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Specifying Program Semantics Precisely and Hierarchically: Consequences

Koeritz, C; Knight, J
Koeritz, C
Knight, J
The proper handling of exceptional conditions is important in computing systems that are intended to be dependable. The Ada language is used for programming such systems and provides exception semantics as a means for handling exceptional conditions, but the mere semantics do not guarantee any properties of dependability. Numerous unusual situations (called anomalies here) can exist in the exception handling portions of an Ada program that cause the program to diverge from its specification, often in a completely unacceptable manner. To increase dependability in existent Ada programs, anomalies must be located and removed from them. When implementing new Ada programs, anomalies should be‘ precluded from the system by applying exception handling design principles during program construction. Initially it was believed that these two goals (detection and prevention of anomalies) were sufficient to substantially increase dependability in Ada programs, but now it is felt that the anomalies of Ada arise due to basic problems with the nature of exception handling itself. it is asserted that exception handling is a fundamentally flawed paradigm and that it is not sufficient for the needs of dependable computation. This paper urges a revision of the notions upon which exception handling is based. A new and fundamentally different view of the problem domain currently addressed by exception handling techniques is presented. A model based on the consequence is discussed as an implementable and useable method for addressing the needs of dependable computation. A consequence's intent and causes are more precisely specified than for exceptions, and the consequence is a more general and flexible mechanism than the exception. The consequence model forms the basis for the OZ specification notation. This notation can be added to Ada programs to guarantee properties of their behavior, even if . certain classes of anomalies are present in the implementation. Augmenting an Ada program with accurate OZ specifications also embeds important information in the program's specification that can be used later for verification. Using ‘OZ, certain properties of dependability can be guaranteed a priori; exception handling only begins to afford similar assurance after a difficult and potentially impossible verification of the ad hoc programming employed to handle exceptions. © and last revised January 21, 1993 Note: Abstract extracted from PDF file via OCR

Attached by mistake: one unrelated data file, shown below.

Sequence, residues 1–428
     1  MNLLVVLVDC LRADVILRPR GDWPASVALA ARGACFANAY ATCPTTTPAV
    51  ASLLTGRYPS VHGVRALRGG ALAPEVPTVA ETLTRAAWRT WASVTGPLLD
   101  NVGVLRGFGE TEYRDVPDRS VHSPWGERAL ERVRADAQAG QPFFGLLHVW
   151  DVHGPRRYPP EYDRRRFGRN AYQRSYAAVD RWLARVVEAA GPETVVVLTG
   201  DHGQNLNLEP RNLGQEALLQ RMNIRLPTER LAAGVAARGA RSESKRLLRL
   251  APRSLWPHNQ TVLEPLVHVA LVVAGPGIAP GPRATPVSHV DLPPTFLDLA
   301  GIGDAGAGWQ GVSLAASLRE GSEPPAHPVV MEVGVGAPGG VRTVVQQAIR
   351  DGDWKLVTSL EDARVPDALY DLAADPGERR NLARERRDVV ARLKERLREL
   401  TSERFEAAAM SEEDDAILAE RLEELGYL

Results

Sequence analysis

Date Received
University of Virginia, Department of Computer Science, 1993
Published Date
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